Fresh hope for forests and families
Following decades of political and economic turbulence, the people of Zimbabwe are now feeling the effects of a changing climate. With limited economic opportunities, desperate communities have delved deeper into the forests, clearing it for subsistence farming and fuelwood. More than a third of Zimbabwe's majestic forests have been lost. The Kariba project protects what remains while equipping the local communities with the necessary resources and skills to protect their future and the future of the planet.
61 schools have received support since the project started with materials such as stationery and for gardening classes
Designed by the local community for the local community
Kariba is a community-based project, administered by the four local Rural District Councils (RDCs) of Binga, Nyaminyami, Hurungwe and Mbire. It's through these councils that communities can highlight when and where they need support. Investments in the project, through the sale of carbon credits, go towards a range of activities that promote the independence and wellbeing of these communities. Improved health clinics provide better healthcare, infrastructure including new roads, boreholes, biodigesters improve daily life, and school subsidies are offered to the poorest quartile of the population. Project activities in conservation agriculture, community gardens, beekeeping training, fire management, and ecotourism create jobs and facilitate sustainable incomes, benefiting the entire region.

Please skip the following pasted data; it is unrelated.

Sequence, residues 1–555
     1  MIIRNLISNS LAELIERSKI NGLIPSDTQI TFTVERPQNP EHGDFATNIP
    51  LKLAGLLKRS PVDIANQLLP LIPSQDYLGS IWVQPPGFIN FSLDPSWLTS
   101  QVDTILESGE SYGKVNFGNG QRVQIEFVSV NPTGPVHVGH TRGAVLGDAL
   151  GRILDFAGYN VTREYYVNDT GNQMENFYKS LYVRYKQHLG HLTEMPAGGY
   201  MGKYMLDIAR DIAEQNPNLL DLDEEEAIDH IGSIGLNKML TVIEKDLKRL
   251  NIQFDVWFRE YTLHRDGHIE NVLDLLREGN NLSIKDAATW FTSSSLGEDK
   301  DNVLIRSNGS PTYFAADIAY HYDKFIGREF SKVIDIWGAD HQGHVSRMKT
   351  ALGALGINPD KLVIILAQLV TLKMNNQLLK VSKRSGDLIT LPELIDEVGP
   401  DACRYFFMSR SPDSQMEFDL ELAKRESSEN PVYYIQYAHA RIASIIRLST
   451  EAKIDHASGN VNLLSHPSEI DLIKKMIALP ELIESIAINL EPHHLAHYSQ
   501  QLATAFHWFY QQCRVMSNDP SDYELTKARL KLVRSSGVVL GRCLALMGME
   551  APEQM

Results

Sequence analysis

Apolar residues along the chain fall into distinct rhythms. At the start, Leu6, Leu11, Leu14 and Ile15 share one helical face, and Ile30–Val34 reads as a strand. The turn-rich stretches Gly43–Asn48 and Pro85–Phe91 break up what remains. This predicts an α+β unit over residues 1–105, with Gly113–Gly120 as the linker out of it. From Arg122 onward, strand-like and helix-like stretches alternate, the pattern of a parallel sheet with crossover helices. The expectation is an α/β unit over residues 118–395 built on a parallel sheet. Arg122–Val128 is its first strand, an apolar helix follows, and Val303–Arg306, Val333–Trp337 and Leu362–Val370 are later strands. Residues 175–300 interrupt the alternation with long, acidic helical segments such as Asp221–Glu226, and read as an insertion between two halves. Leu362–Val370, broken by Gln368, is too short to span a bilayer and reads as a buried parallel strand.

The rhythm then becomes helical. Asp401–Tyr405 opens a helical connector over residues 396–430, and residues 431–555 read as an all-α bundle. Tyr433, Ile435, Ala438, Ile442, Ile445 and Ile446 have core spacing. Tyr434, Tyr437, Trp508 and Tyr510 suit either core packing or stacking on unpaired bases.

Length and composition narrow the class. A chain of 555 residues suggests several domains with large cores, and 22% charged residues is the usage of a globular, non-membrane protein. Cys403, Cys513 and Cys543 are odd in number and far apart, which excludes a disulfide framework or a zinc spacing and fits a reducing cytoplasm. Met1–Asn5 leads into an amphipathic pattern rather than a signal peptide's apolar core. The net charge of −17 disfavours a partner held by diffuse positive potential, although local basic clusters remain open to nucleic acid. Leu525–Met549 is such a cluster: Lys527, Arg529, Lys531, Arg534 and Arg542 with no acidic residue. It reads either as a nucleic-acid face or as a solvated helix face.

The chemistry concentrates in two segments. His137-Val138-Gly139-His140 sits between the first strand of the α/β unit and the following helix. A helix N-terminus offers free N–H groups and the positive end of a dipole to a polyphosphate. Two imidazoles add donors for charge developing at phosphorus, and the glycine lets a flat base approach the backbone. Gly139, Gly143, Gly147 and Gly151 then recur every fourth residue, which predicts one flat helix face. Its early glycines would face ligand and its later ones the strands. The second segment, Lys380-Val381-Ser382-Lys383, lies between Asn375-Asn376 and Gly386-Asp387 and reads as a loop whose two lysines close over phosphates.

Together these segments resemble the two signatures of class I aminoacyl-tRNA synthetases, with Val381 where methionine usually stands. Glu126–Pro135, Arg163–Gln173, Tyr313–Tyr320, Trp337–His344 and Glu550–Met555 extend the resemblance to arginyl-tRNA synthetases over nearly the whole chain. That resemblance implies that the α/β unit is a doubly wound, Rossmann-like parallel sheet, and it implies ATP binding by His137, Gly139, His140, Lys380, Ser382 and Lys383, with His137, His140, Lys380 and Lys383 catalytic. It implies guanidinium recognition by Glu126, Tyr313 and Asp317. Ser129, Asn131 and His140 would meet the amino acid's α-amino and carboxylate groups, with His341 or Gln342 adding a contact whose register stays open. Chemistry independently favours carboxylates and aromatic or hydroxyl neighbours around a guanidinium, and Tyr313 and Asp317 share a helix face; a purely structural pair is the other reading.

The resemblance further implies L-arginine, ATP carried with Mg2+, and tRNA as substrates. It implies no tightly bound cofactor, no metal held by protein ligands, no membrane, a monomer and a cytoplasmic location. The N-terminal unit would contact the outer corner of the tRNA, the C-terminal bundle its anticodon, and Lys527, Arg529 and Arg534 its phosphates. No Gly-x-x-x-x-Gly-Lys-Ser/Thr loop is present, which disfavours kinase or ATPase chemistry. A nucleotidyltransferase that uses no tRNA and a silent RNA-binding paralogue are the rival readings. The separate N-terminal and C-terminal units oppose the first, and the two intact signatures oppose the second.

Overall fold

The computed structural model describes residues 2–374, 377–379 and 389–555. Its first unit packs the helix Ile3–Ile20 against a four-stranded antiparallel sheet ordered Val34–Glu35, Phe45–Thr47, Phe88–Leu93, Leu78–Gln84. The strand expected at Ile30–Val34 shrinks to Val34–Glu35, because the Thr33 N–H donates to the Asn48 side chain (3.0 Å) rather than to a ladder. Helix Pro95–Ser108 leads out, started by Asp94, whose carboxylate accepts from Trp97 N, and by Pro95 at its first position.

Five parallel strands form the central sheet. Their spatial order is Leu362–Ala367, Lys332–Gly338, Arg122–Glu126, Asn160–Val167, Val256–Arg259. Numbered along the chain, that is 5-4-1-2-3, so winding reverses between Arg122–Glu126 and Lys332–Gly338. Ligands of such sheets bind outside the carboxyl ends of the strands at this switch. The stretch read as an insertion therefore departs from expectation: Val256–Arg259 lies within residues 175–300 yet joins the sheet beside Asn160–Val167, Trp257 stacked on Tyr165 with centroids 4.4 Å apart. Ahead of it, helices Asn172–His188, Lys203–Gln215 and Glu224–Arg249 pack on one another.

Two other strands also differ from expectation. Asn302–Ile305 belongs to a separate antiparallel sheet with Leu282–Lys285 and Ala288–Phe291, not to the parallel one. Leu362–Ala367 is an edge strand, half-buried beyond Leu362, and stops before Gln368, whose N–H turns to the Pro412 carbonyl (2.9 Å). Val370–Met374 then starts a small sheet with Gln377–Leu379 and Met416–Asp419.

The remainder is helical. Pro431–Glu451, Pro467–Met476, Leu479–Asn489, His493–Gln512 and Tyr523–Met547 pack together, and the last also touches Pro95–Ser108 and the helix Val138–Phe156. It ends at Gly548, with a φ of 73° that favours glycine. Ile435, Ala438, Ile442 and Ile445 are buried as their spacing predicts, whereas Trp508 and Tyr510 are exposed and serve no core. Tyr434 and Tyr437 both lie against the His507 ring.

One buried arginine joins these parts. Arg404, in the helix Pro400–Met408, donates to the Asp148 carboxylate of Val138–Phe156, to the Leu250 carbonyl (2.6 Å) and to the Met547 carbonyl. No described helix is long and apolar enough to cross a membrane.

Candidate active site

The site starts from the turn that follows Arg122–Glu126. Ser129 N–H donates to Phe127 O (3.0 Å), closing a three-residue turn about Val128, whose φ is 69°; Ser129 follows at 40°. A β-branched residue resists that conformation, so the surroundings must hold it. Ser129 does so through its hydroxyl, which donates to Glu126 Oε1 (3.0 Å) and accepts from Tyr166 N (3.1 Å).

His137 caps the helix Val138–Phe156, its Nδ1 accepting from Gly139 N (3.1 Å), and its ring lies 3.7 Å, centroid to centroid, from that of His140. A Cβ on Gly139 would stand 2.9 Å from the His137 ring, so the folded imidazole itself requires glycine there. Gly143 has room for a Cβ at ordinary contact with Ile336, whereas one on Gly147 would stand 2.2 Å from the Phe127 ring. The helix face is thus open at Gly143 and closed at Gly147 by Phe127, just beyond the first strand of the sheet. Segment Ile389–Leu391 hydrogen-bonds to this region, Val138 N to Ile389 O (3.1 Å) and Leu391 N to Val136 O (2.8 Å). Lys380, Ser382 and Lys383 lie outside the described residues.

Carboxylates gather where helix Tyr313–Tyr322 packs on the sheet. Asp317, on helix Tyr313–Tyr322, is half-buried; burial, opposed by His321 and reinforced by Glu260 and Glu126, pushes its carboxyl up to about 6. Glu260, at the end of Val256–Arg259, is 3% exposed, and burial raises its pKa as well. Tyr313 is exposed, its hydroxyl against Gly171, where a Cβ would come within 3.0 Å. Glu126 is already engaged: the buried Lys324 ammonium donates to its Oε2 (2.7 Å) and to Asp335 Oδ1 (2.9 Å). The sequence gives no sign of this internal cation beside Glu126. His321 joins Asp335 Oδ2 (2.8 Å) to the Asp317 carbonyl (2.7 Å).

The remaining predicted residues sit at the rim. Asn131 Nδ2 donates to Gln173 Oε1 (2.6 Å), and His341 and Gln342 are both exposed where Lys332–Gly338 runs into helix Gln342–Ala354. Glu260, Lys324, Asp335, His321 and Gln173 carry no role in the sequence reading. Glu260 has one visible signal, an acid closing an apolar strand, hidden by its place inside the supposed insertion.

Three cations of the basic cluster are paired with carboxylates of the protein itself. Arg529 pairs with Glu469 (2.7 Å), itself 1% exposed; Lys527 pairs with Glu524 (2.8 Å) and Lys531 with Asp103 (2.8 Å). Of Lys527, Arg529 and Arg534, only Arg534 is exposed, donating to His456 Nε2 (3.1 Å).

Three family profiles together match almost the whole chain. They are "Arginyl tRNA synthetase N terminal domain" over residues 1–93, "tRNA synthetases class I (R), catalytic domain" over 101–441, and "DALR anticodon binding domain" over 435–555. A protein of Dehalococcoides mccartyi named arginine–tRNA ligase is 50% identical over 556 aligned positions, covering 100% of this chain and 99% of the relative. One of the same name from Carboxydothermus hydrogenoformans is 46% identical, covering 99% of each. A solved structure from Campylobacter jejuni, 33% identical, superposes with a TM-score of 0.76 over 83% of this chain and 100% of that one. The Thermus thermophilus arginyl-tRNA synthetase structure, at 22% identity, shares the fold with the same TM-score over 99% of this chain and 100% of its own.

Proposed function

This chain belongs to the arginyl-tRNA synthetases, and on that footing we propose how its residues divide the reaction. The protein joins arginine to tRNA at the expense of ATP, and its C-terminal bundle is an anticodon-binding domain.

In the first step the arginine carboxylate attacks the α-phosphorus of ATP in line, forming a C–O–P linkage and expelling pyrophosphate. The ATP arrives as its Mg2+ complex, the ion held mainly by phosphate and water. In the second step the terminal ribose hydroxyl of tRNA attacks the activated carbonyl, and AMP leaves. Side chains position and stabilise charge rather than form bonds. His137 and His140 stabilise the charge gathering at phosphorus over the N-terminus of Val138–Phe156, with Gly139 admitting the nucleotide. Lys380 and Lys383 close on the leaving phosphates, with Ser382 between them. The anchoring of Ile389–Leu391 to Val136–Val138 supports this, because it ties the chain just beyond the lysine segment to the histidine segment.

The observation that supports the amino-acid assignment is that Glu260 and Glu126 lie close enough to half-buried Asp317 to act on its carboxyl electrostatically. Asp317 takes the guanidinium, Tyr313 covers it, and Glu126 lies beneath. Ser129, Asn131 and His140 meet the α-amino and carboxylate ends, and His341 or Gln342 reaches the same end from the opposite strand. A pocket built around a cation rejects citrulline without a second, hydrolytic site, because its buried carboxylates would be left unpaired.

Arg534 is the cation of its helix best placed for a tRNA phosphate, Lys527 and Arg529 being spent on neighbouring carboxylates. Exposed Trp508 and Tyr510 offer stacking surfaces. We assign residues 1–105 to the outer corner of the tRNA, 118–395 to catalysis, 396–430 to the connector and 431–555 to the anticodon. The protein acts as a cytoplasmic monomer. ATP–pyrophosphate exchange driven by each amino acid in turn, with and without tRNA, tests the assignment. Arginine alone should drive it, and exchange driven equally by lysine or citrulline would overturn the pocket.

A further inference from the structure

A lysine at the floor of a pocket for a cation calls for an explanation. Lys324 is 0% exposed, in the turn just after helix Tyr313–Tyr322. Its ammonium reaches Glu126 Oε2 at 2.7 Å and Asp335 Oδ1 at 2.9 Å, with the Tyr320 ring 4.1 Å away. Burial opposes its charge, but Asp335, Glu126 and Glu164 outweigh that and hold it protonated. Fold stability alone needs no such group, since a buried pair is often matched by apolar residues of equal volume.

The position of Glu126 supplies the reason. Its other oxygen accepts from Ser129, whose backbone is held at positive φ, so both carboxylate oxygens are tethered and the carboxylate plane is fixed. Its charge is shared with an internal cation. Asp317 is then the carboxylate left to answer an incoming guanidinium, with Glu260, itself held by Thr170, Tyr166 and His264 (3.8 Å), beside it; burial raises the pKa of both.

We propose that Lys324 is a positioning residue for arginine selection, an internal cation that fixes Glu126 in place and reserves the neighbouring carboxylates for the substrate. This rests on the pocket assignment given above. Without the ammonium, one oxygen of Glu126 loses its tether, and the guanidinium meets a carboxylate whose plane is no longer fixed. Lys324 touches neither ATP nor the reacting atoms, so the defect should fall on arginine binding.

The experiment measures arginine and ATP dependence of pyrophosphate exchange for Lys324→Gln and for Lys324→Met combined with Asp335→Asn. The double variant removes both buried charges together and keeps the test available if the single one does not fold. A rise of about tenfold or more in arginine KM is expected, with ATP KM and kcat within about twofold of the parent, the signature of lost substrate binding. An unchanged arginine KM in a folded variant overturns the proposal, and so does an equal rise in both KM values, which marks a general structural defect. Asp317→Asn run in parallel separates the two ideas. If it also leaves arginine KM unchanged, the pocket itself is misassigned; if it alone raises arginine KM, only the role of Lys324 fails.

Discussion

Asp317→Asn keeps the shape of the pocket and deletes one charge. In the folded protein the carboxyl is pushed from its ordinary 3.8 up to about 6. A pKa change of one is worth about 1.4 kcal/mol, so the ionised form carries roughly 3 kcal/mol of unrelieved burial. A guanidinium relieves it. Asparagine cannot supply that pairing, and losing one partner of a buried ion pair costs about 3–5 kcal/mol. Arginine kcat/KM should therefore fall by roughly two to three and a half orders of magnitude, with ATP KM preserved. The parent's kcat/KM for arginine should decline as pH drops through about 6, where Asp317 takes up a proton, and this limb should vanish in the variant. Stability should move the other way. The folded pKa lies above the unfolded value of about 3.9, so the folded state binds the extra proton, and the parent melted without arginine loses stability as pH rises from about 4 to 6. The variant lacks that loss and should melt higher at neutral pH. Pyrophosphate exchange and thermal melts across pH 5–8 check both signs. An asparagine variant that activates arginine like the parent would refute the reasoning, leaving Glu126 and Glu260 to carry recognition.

A safe haven for communities and wildlife
Close to the Zimbabwe-Zambia border, the Kariba project is one of the largest registered REDD+ projects forming a giant wildlife corridor that protects an expansive forest, home to numerous vulnerable and endangered species – including the African elephant, lion, hippo, lappet-faced vulture and southern ground hornbill. Covering almost 785,000 hectares, the project connects four national parks: the Chizarira, Matusadona and Mana Pools National Parks (also a World Heritage Site), and Zambia's Lower Zambezi National Park, with eight safari reserves!
From July 2016 to June 2019, over 3,400 snares were removed by project scouts
Mr. Luke Kalavina, is Chief of Hurungwe Rural District Council. The input and support from Mr Kalavina and the people he represents is vital for the success of the Kariba project. At the last verification visit in August 2019 he was pleased with how the project is going so far, saying:
"So far so good" “Communities are appreciated with this program"
Farmers in Kariba are facing increasing water challenges as the seasonal rains are becoming shorter and more unpredictable.
Mr. Mofal Mutenda, a local farmer explains how his hard work is paying off thanks to the Kariba project:
"I have started a family garden in 2018 after receiving community garden training from the Kariba program. I can generate income from this garden around 3,600 USD/year"